Covid-19 infected Venezuelan who escaped isolation imprisoned for failure to pay a court fine
A 32-year-old Venezuelan man is now serving a 12-month prison sentence following his failure to pay a court-imposed fine.
Brauny Ramon Rojas pleaded guilty to illegal entry and escaping isolation whilst infected with Covid-19.
Rojas who was charged for the two offenses first appeared before Magistrate Michael Laudat on July 13, 2021, but after several adjournments whilst the defendant sought counsel, he was sentenced on July 19.
According to the facts of the case, on June 23, 2021, at about 4:30 p.m., Constable Delroy Jno Charles along with other police officers and customs officers were on a border patrol in Calibishie when the police officer received certain information. They immediately proceeded to OM's Ocean View Guesthouse.
On arrival at the guesthouse, Constable Jno Charles met with the owner and had a conversation with her, and went to a room which was occupied by a Spanish man. Constable Jno Charles knocked on the door, identified himself as a police officer, and entered. He then saw the Rojas and informed him that he had reason to believe he entered Dominica illegally and he would like to see his passport.
Upon inspection of a passport found in the room, the officer realised there was no stamp indicating that Rojas had entered Dominica at a legal port of entry.
Rojas was transported to the Government Quarantine Facility at Portsmouth.
On June 24, with the assistance of a Spanish interpreter Constable Jno Charles informed the defendant that he was arresting him on suspicion for illegal entry and cautioned him. Rojas replied, "I came looking for help and in search of work".
Days later –June 30– staff members of the Government Quarantine Facility at Picard Portsmouth, informed the Constable that Rojas tested positive for Covid-19 and he was transported to the St. James Covid-19 Isolation Centre at Portsmouth.
On July 1, Police officers were alerted that Rojas had escaped from isolation. A search was conducted of the facility and surrounding area but the defendant was not found.
The following day acting on certain information, officers went on duty at Savanne Paille where Rojas was found in a wooden shed. He was transported back to the St. James facility.
On July 10, the defendant was discharged from the Covid-19 centre and was transported to the Roseau Police Station where an interview was later conducted with him, and on July 12, the charges were preferred against him.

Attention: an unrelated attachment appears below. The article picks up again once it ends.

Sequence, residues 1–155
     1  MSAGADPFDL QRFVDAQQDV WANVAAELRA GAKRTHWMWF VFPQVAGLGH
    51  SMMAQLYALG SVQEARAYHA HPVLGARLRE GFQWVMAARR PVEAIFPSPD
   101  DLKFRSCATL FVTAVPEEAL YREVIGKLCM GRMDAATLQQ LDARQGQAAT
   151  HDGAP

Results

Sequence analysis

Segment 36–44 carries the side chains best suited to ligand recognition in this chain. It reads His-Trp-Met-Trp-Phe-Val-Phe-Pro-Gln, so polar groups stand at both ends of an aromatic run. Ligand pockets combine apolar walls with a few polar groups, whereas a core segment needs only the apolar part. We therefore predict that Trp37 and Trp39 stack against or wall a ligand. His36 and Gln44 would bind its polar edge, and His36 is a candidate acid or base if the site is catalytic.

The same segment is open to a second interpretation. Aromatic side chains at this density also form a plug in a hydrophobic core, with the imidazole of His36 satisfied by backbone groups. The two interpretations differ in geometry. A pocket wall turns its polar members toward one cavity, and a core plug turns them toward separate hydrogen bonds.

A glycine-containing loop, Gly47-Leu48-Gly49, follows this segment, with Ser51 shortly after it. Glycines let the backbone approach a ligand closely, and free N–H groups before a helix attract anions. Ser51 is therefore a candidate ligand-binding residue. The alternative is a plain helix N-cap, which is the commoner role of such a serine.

At Rojas's first court appearance on July 13, he apologised to Magistrate Laudat for his actions but pleaded with the court not to impose a jail sentence as he said he suffers from a disability and he has four children to take care of.
Rojas said, though he was in search of a better life, had someone informed him that Dominica was so "poor" and illegal entry was not permitted he would have never come.
Unimpressed, Magistrate Laudat informed the defendant that he would divert from the sentencing guidelines set out by the Eastern Caribbean Supreme Court as his actions placed the lives of others at risk. The sentence was adjourned to July 15 but on that date, Rojas requested an attorney, hence the court granted his request and the matter was further adjourned.
On July 19, Attorney-at-Law Wayne Norde appeared on behalf of the Rojas and pleaded with the court to "temper justice with mercy."
He informed the court that the father of four had fallen on difficult times in Venezuela and saw his family going without food for days.
"He constantly remembered his 2-year-old daughter crying from hunger and his only solution to help his family was to leave Venezuela and come to Dominica for work."
Norde said Rojas was very remorseful for his actions and pleaded guilty at the first opportunity not wasting the court's time, asking for a non-custodial sentence.
"We understand aggravating factors are great especially the fact that he escaped isolation whilst having Covid but we ask the court to consider the mitigating factors and come to a just and fair sentence for the defendant. He is now at your mercy, Your Honour, and begs for your leniency."
In handing down his sentence, Magistrate Laudat reprimanded the Venezuelan for his actions.
"What you did was wrong and so grave that you placed the lives of Dominicans in danger. People could have died from your actions. I'm diverting from the sentencing guidelines for one reason only, your action went against the public interest and placed them in jeopardy."
Though Magistrate Laudat stated he understands the human aspect in that Venezuela is going through difficult times, but as one who must dispense justice, he said he must weigh which situation is greater.
Both offenses carry a maximum penalty of $10,000 or one year in prison.
Magistrate Laudat imposed a fine of $3,500 for both charges to be paid forthwith. In default, he said Rojas will be imprisoned for 6 six months for each offense to run consecutively.
Rojas was unable to pay the fine hence he is imprisoned for the next 12 months.
The prosecution also made an application to have Rojas removed from Dominica after serving his sentence however Magistrate Laudat said, based on a recent order by the ECSC this is not a function of the Magistrate but Immigration authorities.